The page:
Trolling

On internet forums, a troll is someone who starts a provocative thread – often off-topic – to induce people into responding, a bit like throwing chum to attract fish. Trolls are usually pathetic, lonely fucktards who crave attention. They take delight in starting something to trigger a reaction from others. Usually these are losers who in real life are unable to get any attention from anyone. But on the net, behind the cloak of anonymity, these balless cretins are emboldened by a false sense of security. They think – erroneously – that they can never be found out.  (Nothing could be further from the truth – every visit to any site made by anyone is traceable.)

In face-to-face conversations, there are trolls too. Though the term is rather new, trolls have always been around – wretched souls who would utter something provocative or controversial to bait people into a debate or to create opportunities for themselves to make a point or two about their pet peeves.

A recent example:

One morning on my way to the airport, I was chatting with limo driver R when the topic of H1N1 came up and I commented that for Singapore, the worst seems to be over for now but R disagreed.

“Don’t think so, they are still doing temperature screening and handling out masks at hospitals,” he said, adding “I know, because I was at GH (General Hospital) yesterday.”

“Oh, they’re still doing temperature screening?” I responded, “they’ve already stopped that at airports weeks ago.”

“No, no, at the hospitals, they’re still doing it,” R said, once again adding “I was at GH yesterday.”

“Hmmm,” I temporized.

“Yes, the hospitals are still doing it,” R emphasized and again he said – for the third time – “I was at GH yesterday” as if he had to underscore that fact.

Silly old me, I took the bait.

“What were you in GH for? Are you ok?” I wanted to know, my curiosity kicked in.

R knew I have taken the bait and he was going to play with me for a bit.

“Nothing lah, just for medical checkup,” he said nonchalantly.

“Yeah, but why did you go for medical checkup?” I wanted to know. I mean having come this far I wasn’t going to let it drop.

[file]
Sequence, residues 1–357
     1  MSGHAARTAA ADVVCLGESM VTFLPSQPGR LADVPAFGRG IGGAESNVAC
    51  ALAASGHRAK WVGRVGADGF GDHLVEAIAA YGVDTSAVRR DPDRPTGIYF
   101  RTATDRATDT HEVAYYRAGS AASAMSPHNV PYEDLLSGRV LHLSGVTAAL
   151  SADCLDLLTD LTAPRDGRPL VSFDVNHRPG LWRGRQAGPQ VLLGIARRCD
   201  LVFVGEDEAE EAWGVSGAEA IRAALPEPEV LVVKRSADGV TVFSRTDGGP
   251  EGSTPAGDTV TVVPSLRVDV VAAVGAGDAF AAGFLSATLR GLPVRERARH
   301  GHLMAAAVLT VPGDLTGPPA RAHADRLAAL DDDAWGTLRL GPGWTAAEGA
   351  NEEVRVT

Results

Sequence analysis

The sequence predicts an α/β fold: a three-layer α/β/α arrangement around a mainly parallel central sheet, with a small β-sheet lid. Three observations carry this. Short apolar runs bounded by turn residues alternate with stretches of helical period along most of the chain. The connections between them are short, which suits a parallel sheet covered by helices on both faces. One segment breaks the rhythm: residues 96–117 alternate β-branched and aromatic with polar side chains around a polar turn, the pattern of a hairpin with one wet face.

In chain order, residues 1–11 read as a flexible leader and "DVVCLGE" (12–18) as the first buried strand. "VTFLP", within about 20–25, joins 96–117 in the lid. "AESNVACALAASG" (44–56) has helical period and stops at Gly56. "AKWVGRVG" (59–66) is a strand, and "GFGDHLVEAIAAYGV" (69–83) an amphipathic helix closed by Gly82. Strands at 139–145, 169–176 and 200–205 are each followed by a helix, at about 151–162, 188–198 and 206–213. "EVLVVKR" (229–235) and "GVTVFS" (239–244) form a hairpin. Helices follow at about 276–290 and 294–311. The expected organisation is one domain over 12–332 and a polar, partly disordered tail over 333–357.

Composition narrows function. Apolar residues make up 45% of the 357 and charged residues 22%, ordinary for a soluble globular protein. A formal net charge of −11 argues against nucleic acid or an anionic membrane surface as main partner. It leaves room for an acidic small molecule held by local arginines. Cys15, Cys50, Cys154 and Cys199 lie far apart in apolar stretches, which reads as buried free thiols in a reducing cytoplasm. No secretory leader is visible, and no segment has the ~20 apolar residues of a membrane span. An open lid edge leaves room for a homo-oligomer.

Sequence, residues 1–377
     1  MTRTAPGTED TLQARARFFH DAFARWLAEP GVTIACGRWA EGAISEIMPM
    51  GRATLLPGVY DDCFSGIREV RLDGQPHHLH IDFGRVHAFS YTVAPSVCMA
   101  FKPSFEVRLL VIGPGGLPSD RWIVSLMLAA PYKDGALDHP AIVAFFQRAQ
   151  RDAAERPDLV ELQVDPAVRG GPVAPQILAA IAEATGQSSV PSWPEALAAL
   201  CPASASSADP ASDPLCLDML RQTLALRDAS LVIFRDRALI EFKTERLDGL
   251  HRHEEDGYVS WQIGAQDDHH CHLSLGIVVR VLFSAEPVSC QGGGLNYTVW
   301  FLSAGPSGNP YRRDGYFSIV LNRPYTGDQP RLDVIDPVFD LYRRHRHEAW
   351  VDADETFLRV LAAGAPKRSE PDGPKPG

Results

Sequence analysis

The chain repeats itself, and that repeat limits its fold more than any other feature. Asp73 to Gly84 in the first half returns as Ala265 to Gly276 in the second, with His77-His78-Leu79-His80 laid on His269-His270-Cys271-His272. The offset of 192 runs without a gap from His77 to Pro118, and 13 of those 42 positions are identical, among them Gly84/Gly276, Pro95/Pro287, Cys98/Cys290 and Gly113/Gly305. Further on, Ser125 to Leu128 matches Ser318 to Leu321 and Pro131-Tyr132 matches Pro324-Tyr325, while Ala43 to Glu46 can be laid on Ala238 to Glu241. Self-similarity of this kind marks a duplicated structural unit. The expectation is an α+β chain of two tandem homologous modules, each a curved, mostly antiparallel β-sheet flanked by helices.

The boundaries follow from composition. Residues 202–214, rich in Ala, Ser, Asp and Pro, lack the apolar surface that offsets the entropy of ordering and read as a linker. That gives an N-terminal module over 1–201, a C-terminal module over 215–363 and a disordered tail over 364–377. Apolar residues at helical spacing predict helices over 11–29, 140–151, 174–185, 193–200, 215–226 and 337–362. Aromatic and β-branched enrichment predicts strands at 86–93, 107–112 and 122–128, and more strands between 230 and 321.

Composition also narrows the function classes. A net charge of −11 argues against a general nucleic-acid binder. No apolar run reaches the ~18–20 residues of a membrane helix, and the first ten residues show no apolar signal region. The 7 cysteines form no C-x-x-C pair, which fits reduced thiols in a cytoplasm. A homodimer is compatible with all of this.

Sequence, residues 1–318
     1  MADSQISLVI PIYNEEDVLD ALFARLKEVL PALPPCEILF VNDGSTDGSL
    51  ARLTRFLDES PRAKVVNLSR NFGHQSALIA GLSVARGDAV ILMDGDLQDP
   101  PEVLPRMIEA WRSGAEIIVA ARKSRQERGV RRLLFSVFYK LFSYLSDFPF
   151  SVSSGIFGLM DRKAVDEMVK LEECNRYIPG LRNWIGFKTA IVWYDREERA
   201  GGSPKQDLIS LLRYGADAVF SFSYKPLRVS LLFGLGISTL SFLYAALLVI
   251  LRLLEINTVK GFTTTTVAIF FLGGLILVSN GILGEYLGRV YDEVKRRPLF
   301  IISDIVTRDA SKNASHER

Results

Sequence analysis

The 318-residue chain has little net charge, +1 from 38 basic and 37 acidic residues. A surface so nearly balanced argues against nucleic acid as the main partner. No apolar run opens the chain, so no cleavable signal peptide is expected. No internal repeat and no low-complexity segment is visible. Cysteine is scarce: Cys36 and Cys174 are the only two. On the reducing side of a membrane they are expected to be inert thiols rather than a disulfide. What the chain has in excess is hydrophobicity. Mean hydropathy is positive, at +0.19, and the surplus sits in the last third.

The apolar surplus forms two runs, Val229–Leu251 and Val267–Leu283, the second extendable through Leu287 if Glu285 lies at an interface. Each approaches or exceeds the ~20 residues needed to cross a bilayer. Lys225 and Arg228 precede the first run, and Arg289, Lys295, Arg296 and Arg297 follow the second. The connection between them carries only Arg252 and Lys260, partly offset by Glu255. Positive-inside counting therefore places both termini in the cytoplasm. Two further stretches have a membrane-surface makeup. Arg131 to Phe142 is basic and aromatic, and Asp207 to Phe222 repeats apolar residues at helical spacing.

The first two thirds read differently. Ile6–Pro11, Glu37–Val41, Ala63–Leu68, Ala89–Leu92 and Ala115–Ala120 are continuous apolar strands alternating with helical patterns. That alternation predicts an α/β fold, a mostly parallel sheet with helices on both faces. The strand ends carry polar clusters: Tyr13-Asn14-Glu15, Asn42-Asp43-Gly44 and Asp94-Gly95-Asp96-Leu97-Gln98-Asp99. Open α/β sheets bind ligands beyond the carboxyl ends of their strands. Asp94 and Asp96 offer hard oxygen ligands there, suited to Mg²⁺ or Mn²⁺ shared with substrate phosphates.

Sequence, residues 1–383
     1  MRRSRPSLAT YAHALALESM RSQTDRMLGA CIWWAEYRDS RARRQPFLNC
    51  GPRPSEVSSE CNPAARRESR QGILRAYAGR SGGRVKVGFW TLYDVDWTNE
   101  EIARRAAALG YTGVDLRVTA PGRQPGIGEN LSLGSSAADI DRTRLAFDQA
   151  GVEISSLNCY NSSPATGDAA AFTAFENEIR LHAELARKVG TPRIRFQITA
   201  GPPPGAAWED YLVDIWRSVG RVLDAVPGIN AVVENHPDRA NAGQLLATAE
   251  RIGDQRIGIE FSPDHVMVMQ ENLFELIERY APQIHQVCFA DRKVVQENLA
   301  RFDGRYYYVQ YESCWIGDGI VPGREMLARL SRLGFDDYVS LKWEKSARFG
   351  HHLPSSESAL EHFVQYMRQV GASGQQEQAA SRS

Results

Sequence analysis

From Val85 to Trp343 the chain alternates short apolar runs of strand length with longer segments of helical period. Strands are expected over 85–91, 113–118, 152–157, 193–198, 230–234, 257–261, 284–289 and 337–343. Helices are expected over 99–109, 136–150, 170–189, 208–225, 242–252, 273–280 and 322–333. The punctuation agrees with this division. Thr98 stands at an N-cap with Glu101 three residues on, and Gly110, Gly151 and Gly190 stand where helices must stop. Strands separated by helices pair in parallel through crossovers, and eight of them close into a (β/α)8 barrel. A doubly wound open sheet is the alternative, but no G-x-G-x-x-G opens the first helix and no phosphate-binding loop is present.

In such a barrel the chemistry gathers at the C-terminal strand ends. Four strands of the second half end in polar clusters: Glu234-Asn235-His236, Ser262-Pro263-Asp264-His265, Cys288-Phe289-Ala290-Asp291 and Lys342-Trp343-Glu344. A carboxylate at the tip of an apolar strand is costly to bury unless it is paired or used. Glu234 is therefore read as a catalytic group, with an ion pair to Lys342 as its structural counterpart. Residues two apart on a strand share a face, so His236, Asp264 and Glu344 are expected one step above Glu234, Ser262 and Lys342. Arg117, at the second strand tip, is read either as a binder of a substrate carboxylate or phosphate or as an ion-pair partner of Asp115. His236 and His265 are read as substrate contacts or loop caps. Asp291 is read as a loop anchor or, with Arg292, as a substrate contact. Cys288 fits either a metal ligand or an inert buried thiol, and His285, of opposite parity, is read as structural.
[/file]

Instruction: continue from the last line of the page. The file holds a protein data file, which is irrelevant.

“Oh, the polyclinic doctor told me to go to GH for medical checkup,” said R, obviously enjoying seeing me in a state of intrigue. R was a master in his game – he teased me with a bit of info then stopped abruptly, wanting me to beg for the rest of it. A verbal form of Coitus Interruptus?

“Yeah lah, the polyclinic doctor told me to go to GH for medical checkup,” he reiterated.

Of course that was not what I wanted to know when I asked him why he went for a medical checkup, so, exasperated, I tried again and I asked “What was troubling you so much that you went to the polyclinic in the first place?”

I’m sure this was the moment R was waiting for.

A moment to play Chuck Palahniuk and Charlotte Roche, this was the moment R has set me up for, the moment to utterly and absolutely gross me out.

“Oh, nothing lah,” he said, toying with me as a fisherman would with a fish at the end of his line, a fish who had open its big mouth to take the bait and now inextricably hooked with a fishing hook it could not escape from.

“TELL ME LAH YOU FUCKING BASTARD, COUGH IT OUT!!!,” I almost screamed.

R let it out slowly, the pleasure on his face barely discernable, “Oh,” he said, “for months now, I have found my shit to be rather soft and sticky – like melted chocolate you know, like the chocolate at the chocolate fondue you get at hotel buffets you know – so I thought I should seek some medical advice to find out if there’s anything wrong with me.”

Shit.

He went on and on and on about the texture and consistency of his excrement, the smell of his feces – he even threw in the color and odor of his urine for good measure (like “the smell you get after eating petai” you know) – but I was no longer listening.

I was trying to hold down my breakfast.

R got me.

Yup, he got me good and proper.

As the old saying goes, even a big fish can stay out of trouble if it knows how to keep its big mouth shut.

There’s another old saying “Curiosity killed the cat.”

A less frequent rejoinder is “satisfaction brought it back.”

But I experienced no satisfaction whatsoever that morning.

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